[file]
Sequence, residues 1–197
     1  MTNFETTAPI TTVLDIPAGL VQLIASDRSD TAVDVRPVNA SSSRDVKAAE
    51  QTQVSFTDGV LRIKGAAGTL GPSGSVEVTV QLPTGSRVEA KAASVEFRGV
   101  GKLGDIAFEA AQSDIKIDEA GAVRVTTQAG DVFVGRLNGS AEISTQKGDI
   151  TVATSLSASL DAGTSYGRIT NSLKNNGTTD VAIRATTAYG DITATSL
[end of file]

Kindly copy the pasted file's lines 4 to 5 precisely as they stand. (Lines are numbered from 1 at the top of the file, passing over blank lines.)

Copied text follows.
   101  GKLGDIAFEA AQSDIKIDEA GAVRVTTQAG DVFVGRLNGS AEISTQKGDI
   151  TVATSLSASL DAGTSYGRIT NSLKNNGTTD VAIRATTAYG DITATSL